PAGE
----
Section 108 of Public Law No. 115-174 creates new exemptions from the Truth in Lending Act’s escrow provisions for higher priced mortgage loans. The Truth in Lending Act requires creditors to establish escrow accounts for most such higher priced mortgages. See 15 U.S.C. § 1639d(a). The new Act requires the CFPB to exempt by regulation from this requirement any insured depository institutions or credit union with assets of $10 billion or less, that has extended fewer than 1000 first mortgages on a principle residence, and that meets three additional requirements, including having made at least one mortgage loan in a rural area. Apparently, this exemption will not go into effect until the CFPB issues the required final regulations. For more on escrow requirements for higher priced mortgages, see generally NCLC’s Truth in Lending § 22.214.171.124.
Limit on the Truth in Lending Act’s Timing Requirement for Additional High-Cost Mortgage Disclosures
Section 109 of Public Law No. 115-174 limits the Truth in Lending Act’s timing requirement for certain additional high-cost mortgage disclosures. 15 U.S.C. § 1639(b) requires the disclosures be made at least three business days prior to the mortgage loan consummation. The new Act provides that where the creditor makes a second offer of a mortgage loan, there is no longer a requirement that there be a three-day waiting period after the additional high-cost mortgage disclosures for the second offer if the second offer has a lower APR than the first offer. The timing rule still applies to the first offer, whatever the APR of the second offer. The disclosures for high cost mortgages are discussed at NCLC’s Truth in Lending § 9.6.6.
Limits on Abusive Refinancing of Loans to Veterans
Section 309 of Public Law No. 115-174 amends the veterans’ housing benefit legislation to address abuses dealing with creditors flipping veterans into refinanced loans that may not benefit the veteran. A specified time period must have elapsed since the prior loan before there can be a refinancing, and there are various requirements as to fee recoupment, interest rates, and net tangible benefit tests. This provision applies to VA loans.
Exemption from Real Estate Appraisal Requirement
Section 103 of Public Law No. 115-174 amends Title XI of the Financial Institutions, Reform, Recovery and Enforcement Act (FIRREA), 12 U.S.C. § 3331, to exempt mortgage loans in rural areas with a balance of under $400,000 from the requirement that there be an appraisal of the real estate collateral before most mortgage loans can be extended. The new exemption applies to mortgages where no appraiser is reasonably available, and certain other conditions are met. Even then, the exclusion does not apply to HOEPA loans and there are limits on the sale of mortgages covered by the exclusion.
Softening SAFE Mortgage Licensing Act Requirements
Section 106 of Public Law No. 115-174 amends the SAFE Mortgage Licensing Act, effective November 24, 2019, by loosening licensing, registration, and similar requirements on loan originators. Originators that meet specified requirements can continue temporarily to originate loans under their old authority after moving from a depository institution to a non-depository institution or from one state to another. The new Act also widens the conduct by state officials and officers of the Nationwide Mortgage Licensing System and Registry that is immune from monetary liability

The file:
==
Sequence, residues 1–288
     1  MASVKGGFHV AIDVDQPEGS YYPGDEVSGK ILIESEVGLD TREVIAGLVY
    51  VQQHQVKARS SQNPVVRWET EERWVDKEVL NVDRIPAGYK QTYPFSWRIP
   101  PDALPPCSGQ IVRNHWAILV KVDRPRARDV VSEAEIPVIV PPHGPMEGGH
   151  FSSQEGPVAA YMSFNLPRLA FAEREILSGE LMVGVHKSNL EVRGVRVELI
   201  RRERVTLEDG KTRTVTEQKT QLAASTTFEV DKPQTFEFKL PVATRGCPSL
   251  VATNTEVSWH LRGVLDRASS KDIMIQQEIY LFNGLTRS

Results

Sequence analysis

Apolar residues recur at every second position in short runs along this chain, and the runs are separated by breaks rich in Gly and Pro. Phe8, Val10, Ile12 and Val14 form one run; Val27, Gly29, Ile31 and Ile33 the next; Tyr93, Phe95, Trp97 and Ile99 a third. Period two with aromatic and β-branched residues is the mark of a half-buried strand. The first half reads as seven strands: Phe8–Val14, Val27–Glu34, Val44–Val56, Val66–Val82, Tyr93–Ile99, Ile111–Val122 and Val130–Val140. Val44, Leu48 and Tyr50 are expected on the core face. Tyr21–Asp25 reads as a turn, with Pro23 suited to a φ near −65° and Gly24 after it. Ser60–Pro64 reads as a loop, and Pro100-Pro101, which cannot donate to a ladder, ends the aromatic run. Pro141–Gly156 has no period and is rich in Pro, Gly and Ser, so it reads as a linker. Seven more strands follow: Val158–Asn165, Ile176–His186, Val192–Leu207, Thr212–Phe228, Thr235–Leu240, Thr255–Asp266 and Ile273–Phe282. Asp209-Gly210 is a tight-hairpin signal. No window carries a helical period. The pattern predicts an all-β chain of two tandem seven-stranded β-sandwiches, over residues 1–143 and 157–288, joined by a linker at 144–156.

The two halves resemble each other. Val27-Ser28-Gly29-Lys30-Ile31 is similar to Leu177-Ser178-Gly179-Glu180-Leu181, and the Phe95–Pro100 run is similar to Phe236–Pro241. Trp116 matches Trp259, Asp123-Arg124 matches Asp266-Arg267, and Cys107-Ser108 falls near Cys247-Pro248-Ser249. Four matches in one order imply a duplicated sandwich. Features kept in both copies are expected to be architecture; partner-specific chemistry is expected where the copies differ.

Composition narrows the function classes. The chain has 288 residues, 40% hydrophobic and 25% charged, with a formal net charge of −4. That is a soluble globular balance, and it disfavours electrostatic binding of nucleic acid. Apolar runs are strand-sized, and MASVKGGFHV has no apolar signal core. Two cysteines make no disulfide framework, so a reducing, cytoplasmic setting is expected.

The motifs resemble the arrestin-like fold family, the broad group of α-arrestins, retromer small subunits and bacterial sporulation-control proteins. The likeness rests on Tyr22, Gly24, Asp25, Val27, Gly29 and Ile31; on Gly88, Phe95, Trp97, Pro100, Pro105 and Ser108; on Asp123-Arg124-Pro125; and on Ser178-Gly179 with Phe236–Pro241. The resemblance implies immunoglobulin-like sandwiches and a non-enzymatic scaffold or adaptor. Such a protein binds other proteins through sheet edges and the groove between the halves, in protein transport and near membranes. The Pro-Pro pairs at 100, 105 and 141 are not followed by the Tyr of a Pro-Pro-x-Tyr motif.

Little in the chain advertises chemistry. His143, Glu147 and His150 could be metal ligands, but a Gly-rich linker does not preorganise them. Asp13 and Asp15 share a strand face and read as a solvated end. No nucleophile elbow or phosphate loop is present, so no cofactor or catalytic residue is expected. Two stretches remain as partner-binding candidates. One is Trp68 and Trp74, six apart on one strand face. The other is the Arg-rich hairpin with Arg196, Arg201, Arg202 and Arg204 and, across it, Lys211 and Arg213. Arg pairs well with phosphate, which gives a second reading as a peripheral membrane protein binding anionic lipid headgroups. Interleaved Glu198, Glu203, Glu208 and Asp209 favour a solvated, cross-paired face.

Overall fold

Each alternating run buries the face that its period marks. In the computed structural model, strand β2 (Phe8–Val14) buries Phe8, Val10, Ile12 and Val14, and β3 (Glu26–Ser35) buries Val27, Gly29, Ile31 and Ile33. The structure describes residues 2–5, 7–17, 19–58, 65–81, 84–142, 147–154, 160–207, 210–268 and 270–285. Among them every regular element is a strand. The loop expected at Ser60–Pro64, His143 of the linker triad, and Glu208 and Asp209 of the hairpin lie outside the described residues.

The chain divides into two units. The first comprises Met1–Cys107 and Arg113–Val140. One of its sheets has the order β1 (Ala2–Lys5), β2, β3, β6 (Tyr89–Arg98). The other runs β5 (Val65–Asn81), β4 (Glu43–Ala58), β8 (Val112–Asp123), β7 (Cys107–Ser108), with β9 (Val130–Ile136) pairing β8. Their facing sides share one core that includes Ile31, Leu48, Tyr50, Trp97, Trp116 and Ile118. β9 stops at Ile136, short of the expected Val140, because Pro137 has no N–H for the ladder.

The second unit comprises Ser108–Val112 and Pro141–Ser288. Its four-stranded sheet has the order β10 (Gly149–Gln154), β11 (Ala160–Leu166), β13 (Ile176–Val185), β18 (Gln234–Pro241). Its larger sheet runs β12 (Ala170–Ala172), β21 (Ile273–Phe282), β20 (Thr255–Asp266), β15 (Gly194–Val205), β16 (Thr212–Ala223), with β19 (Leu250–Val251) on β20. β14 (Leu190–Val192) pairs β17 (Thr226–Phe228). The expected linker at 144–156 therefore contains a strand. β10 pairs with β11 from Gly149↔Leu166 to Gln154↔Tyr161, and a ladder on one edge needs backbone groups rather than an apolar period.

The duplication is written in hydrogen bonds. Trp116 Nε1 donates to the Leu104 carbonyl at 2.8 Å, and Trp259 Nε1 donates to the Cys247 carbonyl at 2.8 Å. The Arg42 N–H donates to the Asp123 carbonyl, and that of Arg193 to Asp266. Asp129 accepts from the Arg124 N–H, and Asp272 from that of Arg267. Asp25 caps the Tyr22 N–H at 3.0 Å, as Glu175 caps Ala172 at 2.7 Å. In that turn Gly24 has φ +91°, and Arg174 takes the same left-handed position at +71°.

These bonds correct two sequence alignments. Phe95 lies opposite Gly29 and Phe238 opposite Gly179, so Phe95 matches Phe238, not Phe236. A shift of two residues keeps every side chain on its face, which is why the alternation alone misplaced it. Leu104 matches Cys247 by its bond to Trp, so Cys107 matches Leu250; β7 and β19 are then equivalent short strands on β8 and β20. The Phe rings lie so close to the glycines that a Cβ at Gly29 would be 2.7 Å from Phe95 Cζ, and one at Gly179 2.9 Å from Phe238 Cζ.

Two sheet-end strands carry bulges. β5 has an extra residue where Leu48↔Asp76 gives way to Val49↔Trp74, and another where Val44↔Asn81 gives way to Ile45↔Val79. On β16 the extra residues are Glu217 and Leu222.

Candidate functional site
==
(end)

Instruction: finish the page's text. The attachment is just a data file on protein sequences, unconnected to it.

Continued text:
Recent years have witnessed extensive abuses involving Property Assessed Clean Energy (PACE) Financing. (Extensive material on PACE loans is found at www.nclc.org/issues/pace-loans.html.) PACE loans are extended to homeowners to pay for private, largely unregulated companies to make home repairs to the homeowners’ residences, with the promise that the repairs will increase the homes’ energy efficiency. The loans are repaid via a local property tax assessment whose non-payment can result in the home’s foreclosure or tax sale.
Section 307 of Public Law No. 115-174 amends the Truth in Lending Act to require the CFPB to issue regulations to apply the existing TILA ability-to-pay standards found in 15 U.S.C. § 1639c(a) to PACE loans, and to require that any violations of the regulations are privately enforceable under the Truth in Lending Act remedy provision, 15 U.S.C. § 1640. The specifics of the TILA ability-to-pay requirement are delineated at NCLC’s Truth in Lending § 9.3.3.
Exemption from HMDA Reporting
Section 104 of Public Law No. 115-174 amends the Home Mortgage Disclosure Act (HMDA). The amendment exempts certain entities from specified public disclosure requirements. Insured depository institutions and credit unions that extended fewer than 500 closed-end mortgage loans in each of the prior two years are exempted from specified closed-end disclosure requirements. Insured depository institutions and credit unions that extended fewer than 500 open-end mortgage loans in each of the prior two years are exempted from specified open-end disclosure requirements. Neither exemption applies if during the last two years, the institution received “a needs to improve” record for meeting community needs.
These institutions must still make public all the HMDA required information except for disclosures specified in 12 U.S.C. § 2803(b)(5) and (6) having to do with the number and dollar amount of loans itemized according to: origination points and fees, APRs, prepayment penalties, property values, term of introductory rates, negative amortization, the loan term, use of a broker, the loan originator, applicant credit scores, and identifiers relating to the loan and parcel. HMDA disclosures are examined at NCLC’s Credit Discrimination § 126.96.36.199.